Venus is currently doing a good job posing as the Christmas Star albeit in the wrong direction. She, along with two of her companions, Mercury and Mars, can be found all lined up above the southwest horizon after sunset.

Venus is by far the brightest and most easily visible of the three and, in early December, is almost exactly half way in between the others, about twenty degrees (two fists held at arm’s length) from each one. Mercury is to the lower right of Venus, near the southwest horizon, and is rather dim so binoculars or a small telescope will probably be needed to spot it. Mars is to the upper left of Venus and should be easy to see high above the southern horizon.

This week you can also let the crescent Moon be your guide. Keeping in mind the need for a clear horizon and optical aid (binoculars), go out tomorrow around 5:30 p.m. and look for a thin crescent Moon near the southwestern horizon. Mercury will be to its left and even closer to the horizon but on Thursday it will be right below the Moon and both should be a little easier to find.

The following nights the Moon will pass Venus and then, on Sunday, December 4, now approaching first quarter, will be just to the right (west) of Mars. As the month progresses, the Venus-Mars separation will shrink considerably as the two approach a late January close encounter.

You early birds should not feel left out since you have Jupiter dominating the pre dawn sky high in the south. It will be joined by a waning crescent Moon on December 22.

If the weather does not allow these observations, we can always remember the connection between celestial objects and the celebrations of the seasons. Many cultures over the centuries have had stories and legends about this time of year, most concerned with the return of the Sun after the winter solstice. All autumn the Sun sets at a point farther south on the horizon as the days get colder and shorter. Early people were concerned about its return.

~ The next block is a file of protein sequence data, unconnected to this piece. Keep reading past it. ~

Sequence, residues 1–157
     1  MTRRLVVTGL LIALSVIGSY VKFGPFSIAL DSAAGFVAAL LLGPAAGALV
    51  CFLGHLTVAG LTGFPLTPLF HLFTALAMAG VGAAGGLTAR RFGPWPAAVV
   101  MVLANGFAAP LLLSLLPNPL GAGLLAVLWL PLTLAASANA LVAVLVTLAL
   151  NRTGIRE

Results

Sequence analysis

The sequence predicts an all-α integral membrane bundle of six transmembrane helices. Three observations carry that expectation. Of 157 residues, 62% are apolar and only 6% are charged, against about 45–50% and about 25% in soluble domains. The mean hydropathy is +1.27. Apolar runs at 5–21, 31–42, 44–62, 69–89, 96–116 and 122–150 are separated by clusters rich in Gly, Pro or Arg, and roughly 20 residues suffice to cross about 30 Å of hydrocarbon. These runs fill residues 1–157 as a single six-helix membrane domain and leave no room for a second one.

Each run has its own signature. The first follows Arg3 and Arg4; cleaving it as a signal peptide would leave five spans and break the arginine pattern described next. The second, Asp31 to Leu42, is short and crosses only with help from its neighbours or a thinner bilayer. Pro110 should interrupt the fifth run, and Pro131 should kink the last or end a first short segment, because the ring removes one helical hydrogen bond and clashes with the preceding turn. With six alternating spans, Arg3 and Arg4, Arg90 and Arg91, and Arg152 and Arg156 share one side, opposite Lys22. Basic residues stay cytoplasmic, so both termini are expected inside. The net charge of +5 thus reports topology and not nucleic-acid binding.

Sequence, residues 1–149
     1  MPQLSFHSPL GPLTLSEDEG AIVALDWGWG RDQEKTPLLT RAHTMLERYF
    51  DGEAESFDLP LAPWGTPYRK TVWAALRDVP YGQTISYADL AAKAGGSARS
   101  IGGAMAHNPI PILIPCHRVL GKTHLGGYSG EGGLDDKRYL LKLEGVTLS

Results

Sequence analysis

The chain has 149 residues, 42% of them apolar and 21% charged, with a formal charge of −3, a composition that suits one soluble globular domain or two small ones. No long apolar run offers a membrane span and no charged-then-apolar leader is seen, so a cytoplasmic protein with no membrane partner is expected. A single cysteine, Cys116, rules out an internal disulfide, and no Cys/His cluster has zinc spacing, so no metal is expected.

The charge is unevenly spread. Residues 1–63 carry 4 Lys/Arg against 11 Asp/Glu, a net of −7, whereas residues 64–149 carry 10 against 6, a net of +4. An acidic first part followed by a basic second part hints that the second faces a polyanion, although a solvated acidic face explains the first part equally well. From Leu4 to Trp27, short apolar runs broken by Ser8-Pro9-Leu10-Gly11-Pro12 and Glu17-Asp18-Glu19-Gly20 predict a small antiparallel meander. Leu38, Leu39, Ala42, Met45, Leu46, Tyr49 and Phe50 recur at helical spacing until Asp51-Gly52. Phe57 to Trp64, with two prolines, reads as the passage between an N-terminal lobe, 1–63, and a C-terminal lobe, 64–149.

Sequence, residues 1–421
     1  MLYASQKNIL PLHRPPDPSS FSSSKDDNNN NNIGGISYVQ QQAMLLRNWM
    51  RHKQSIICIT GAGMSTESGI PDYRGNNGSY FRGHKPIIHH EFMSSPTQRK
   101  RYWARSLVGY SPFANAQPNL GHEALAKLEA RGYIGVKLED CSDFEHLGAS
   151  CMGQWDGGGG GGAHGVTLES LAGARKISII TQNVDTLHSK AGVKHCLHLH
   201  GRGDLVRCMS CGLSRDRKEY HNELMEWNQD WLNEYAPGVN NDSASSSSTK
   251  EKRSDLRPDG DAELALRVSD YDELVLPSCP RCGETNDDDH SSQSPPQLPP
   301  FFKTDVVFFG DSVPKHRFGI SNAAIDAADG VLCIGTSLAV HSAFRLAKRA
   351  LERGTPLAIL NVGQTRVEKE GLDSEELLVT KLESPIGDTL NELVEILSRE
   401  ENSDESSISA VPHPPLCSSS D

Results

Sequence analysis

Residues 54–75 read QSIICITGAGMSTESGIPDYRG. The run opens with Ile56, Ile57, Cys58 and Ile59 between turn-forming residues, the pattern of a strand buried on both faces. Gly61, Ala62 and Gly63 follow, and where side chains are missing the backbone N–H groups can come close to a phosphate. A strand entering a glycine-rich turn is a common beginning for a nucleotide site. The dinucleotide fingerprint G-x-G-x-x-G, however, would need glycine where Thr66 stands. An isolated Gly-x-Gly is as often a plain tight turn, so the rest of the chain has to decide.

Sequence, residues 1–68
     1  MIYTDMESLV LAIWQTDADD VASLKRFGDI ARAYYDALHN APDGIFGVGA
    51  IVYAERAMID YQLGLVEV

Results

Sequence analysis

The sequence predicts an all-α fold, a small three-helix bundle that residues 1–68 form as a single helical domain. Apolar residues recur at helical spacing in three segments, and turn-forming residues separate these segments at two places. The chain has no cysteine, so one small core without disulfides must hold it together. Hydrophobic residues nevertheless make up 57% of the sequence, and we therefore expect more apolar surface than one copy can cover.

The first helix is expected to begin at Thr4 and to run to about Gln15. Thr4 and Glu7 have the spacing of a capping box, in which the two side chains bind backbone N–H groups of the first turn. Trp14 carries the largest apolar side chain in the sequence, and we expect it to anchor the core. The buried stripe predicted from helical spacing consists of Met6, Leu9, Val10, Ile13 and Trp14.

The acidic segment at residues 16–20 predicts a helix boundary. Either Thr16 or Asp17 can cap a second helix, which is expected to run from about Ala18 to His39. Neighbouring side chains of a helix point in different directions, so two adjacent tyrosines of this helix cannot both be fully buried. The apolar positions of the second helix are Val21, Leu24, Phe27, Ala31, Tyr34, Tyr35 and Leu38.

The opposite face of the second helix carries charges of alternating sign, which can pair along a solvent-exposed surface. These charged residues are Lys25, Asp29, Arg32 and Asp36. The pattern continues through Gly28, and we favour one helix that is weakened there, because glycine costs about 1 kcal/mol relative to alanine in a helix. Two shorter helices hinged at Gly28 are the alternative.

Many of our traditions involve the theme of light and have their origins in early rituals meant to coax the Sun back.
The Norsemen of northern Europe used to honor the Sun with a feast called Yule, during which logs of oak were burned. We are still familiar with the Yule log. Candles in windows and luminarias on paths are meant to light the way for Mary and Joseph. Wreaths of holly, with its red berries, were originally used to represent the Sun, and evergreens, with their permanent foliage, were considered symbols of eternal life and assurance of the Sun’s return.

So get out and enjoy the symbols of the Holiday Season that can be found up in the sky.
This month in history:
Dec. 3: Pioneer 10 spacecraft makes closest approach to Jupiter – 1973
Dec. 7: Gerard Kuiper born – 1905
Dec. 14: Gene Cernan, Apollo 17 astronaut, is last human to walk on Moon – 1972
Dec. 20: Founding of Mt. Wilson Solar Observatory – 1904
Dec. 24: Apollo 8 astronauts give us inspirational moment from lunar orbit – 1968
Dec. 25: Isaac Newton born – 1642

Nov 12

Dimming stars, erupting plasma, and beautiful nebulae

By Marcus Woo

Boasting intricate patterns and translucent colors, planetary nebulae are among the most beautiful sights in the universe. How they got their shapes is complicated, but astronomers think they’ve solved part of the mystery—with giant blobs of plasma shooting through space at half a million miles per hour.